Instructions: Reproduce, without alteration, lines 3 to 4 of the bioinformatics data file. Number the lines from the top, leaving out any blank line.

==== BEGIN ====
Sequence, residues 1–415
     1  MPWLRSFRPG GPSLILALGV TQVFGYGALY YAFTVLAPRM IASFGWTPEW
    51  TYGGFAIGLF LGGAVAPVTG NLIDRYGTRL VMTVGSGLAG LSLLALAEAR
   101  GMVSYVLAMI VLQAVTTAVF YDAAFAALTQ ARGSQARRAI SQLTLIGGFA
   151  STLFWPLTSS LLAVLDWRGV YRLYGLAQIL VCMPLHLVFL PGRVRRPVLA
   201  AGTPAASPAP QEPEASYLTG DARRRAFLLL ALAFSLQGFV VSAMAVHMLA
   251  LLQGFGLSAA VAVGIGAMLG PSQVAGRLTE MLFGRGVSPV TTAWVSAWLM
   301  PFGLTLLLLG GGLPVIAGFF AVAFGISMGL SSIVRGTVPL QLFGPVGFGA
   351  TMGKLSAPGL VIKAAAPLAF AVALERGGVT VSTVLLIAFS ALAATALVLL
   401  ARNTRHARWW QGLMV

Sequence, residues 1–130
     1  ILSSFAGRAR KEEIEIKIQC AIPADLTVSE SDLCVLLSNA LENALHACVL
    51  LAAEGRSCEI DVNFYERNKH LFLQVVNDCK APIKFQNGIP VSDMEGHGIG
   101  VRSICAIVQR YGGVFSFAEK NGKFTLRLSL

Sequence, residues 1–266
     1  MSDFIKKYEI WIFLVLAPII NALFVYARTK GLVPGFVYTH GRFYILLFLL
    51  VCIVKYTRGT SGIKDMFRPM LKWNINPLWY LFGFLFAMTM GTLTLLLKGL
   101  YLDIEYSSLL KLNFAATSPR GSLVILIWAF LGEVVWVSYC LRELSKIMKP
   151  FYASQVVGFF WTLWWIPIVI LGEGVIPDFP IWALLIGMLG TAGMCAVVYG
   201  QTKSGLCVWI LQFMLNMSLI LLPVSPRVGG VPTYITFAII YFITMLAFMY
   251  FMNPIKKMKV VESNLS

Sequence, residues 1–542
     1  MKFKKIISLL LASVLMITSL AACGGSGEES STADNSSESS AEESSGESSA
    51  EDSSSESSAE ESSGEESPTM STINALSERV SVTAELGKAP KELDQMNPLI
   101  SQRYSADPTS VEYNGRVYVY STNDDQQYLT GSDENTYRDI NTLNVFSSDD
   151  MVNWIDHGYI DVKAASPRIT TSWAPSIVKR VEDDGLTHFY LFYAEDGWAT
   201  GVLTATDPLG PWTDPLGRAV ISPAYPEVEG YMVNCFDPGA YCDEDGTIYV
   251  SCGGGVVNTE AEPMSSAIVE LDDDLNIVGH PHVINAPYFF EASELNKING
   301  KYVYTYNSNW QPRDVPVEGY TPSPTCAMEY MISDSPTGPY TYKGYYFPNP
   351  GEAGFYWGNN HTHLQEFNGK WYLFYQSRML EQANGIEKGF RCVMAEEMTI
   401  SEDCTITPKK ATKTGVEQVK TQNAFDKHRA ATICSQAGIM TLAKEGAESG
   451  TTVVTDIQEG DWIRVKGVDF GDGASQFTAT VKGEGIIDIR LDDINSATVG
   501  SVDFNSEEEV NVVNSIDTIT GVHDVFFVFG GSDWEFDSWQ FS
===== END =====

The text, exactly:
    51  TYGGFAIGLF LGGAVAPVTG NLIDRYGTRL VMTVGSGLAG LSLLALAEAR
   101  GMVSYVLAMI VLQAVTTAVF YDAAFAALTQ ARGSQARRAI SQLTLIGGFA